About Me

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Born in the US, raised on the Mediterranean island of Cyprus, lived in Italy, the US, and Canada. Lover of language, travel, colour, and the natural world.

Wednesday, December 19, 2012

The next big thing

Last Wednesday my dear friend and extremely talented writer, Alashiya Gordes tagged me to be part of ‘The Next Big Thing’. It works like this: an author answers the ten questions below on his/her blog and then tags up to 5 other writers to do the same the following Wednesday. It has been far too long since I last wrote a blog post, so here goes. Thanks to Alashiya for prompting this one. She has been prompting a lot of writing in my life lately-pushing me beyond my comfort zone at a time when I have very little time for sleeping, let along writing. Thank you for that, Alashiya!

1. What is the working title of your next book?

Oranges Taste Like Freedom

2. Where did the idea come from for the book?

From the experience of how the external environment shapes internal geography and vice-versa. And from my personal fascination with the very human desire to find a place to call home.

3. What genre does your book fall under?

Historical Fiction.

4. What actors would you choose to play the part of your characters in a movie rendition?

Wow. This is tough. It would have to be actors from Cyprus, Greece, Italy or Israel. History tells its story across the maps of faces and in the eyes in this part of the world in a way that it does not in Western Europe or North America. Ordinary people who have known the experience of leaving one's home for good and learning to be an immigrant in a foreign land.

5. What is the one-sentence synopsis of your book?

Multiple generations of women in a family explore loss, hope and reinvention as they move through constantly evolving internal and external landscapes.

6. Will your book be self-published or represented by an agency?

Represented by an agency. Once it is written. I am very much still in the first stages of writing this novel so I am taking it one day at a time.

7. How long did it take you to write the first draft of the manuscript?

As I say above, I am still writing this novel. I hope to have completed a first draft within the next year, and then begin the process of editing. I am hoping that small, consistent yet humble steps will get me to my goal.

8. What other books would you compare this story to within your genre?

There are many writers whose work has inspired me over the years, and that have inspired my interest in historical fiction and the exploration of internal and external landscape, and the relationship between the two. Some of these are: Lawrence Durrell's Bitter Lemons of Cyprus, Anne Michael's Fugitive Pieces, People of the Book by Geraldine Brooks, The History of Love by Nicole Krauss and Extremely Loud and Incredibly Close by Jonathan Safran Foer, and most recently The Underpainter by Jane Urquhart.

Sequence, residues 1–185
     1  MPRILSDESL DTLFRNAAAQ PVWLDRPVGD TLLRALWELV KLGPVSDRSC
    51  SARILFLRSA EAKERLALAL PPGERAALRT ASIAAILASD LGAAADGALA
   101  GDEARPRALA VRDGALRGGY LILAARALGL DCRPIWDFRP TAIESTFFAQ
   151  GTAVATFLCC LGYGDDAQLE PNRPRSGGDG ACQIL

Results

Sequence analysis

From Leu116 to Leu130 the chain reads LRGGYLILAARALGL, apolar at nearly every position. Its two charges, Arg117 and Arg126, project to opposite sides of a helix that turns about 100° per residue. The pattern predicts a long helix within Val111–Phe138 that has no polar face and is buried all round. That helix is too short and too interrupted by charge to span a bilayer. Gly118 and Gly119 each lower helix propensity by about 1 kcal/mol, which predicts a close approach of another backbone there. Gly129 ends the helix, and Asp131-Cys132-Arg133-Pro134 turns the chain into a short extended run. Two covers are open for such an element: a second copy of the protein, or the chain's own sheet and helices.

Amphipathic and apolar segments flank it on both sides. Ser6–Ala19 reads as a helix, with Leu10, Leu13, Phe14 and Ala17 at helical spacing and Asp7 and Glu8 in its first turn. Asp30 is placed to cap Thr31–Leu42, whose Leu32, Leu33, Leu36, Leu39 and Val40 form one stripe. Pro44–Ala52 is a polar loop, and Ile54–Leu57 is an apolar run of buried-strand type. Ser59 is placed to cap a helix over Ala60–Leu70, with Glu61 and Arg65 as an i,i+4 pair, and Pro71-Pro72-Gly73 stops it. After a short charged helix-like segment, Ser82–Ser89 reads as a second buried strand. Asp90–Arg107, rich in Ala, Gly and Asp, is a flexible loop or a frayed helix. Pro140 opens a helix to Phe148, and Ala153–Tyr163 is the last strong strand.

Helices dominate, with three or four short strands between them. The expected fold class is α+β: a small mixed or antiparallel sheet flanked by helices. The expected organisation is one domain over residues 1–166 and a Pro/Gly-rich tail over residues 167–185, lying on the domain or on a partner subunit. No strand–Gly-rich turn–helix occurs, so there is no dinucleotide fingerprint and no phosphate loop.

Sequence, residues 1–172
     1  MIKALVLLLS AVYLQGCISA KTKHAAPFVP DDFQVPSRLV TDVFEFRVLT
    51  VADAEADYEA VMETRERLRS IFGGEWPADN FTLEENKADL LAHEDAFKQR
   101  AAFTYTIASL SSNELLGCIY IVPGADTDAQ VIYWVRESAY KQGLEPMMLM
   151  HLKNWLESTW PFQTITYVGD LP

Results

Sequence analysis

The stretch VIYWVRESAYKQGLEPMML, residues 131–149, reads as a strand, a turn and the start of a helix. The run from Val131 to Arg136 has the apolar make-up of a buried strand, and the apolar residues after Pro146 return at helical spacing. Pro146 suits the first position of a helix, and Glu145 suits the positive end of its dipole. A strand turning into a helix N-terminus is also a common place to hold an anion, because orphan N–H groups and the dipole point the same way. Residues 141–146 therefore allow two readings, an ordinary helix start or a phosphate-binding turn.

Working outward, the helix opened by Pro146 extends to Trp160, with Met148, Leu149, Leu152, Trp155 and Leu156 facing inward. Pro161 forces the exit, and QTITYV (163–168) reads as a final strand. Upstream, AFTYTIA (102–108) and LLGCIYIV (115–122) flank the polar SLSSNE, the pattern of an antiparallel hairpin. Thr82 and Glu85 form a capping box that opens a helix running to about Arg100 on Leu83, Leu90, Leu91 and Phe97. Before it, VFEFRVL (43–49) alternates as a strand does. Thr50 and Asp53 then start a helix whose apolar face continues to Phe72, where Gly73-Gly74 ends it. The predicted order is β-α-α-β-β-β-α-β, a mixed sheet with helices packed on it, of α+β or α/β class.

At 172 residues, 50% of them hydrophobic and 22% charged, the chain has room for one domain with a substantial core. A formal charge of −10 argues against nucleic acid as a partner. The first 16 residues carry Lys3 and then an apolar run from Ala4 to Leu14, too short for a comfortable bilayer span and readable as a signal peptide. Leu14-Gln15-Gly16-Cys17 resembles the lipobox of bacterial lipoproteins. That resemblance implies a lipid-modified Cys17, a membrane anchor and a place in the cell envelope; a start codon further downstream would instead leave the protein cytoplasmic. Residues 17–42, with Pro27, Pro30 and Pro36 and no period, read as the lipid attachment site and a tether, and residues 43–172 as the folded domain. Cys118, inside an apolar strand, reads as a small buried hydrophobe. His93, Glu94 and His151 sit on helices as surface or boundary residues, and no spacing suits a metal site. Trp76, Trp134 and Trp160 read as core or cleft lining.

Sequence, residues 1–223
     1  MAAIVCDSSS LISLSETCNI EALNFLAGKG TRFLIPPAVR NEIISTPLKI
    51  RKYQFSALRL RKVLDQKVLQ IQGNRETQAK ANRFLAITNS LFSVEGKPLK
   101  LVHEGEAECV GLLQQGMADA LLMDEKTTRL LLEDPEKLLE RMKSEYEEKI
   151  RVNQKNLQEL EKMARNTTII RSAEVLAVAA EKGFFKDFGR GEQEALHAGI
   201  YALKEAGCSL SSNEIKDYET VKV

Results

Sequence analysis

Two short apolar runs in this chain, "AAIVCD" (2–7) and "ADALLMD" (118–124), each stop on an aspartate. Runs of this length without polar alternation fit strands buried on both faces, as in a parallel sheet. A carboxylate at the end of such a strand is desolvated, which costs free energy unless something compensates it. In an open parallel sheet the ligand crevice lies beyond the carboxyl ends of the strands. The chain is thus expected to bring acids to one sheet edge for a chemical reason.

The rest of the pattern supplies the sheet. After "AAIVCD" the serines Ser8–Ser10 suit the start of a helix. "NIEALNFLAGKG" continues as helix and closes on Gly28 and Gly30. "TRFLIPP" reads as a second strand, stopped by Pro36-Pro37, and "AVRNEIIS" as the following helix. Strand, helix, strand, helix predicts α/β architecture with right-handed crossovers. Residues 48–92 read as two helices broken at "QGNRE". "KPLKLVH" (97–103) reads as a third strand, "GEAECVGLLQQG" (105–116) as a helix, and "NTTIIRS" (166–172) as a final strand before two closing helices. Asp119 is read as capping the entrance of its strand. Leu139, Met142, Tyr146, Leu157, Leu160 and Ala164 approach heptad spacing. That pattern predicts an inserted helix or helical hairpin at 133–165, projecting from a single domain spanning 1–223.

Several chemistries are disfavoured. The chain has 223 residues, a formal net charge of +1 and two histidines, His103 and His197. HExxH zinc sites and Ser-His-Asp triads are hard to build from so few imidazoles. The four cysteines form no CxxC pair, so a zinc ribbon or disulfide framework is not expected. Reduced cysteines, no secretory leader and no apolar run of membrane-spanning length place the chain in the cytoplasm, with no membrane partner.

9. Who or what inspired you to write this book?

Reading an article by Ruth Gruber about her experience of visiting a Displaced Persons Camp in Cyprus in the aftermath of World War II, and learning that over 60,000 Jews were imprisoned on the island between 1945 and 1949--a fact that despite having been raised on the island, I was never told anything about.

10. What else about the book might pique the reader’s interest?

The descriptions of place, history, culture, and the exploration of relationships and simple yet profound instances of common humanity that reach across the seemingly insurmountable (in the part of the world where I was raised, and at the period of history in which the novel is set) barriers of language and religion.

My nominations for Next Big Thing includes two writers, both of whom are making waves in the world of poetry and performance:

Daniela Elza was born in Bulgaria, grew up in Nigeria and currently lives in Vancouver, BC with her husband and two children. She holds two Master's Degrees: one in English Philology from Sofia University, and a second, in Linguistics, from Ohio University, and a PhD in Education from Simon Fraser University. Daniela's writing has appeared in more than 30 publications. Her book of poetry, The Weight of Dew, was published in 2012. (http://strangeplaces.livingcode.org)

Ahava Shira is a poet, storyteller, performer and long-time journal writer with 20 years experience as an artist and educator. She is the founder and director of the Centre for Loving Inquiry, where she supports women to develop their artistic and entrepreneurial passions and gain the confidence they need to share them with others. Ahava leads individual and group mentoring programs, has her own weekly radio show called Love in the Afternoon, is an active performer and speaker, and leads retreats. Ahava holds a PhD in Education. (https://www.ahavashira.com)

Check out these two ladies and their blogs to learn more about two writers who might just be the next big thing!